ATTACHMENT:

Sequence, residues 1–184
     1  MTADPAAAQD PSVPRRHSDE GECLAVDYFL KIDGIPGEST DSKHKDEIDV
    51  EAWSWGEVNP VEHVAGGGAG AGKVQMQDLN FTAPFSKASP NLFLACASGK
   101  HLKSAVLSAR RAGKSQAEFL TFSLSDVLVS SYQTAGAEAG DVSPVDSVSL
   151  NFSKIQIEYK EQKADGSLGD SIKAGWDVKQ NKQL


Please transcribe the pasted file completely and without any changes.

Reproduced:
Sequence, residues 1–184
     1  MTADPAAAQD PSVPRRHSDE GECLAVDYFL KIDGIPGEST DSKHKDEIDV
    51  EAWSWGEVNP VEHVAGGGAG AGKVQMQDLN FTAPFSKASP NLFLACASGK
   101  HLKSAVLSAR RAGKSQAEFL TFSLSDVLVS SYQTAGAEAG DVSPVDSVSL
   151  NFSKIQIEYK EQKADGSLGD SIKAGWDVKQ NKQL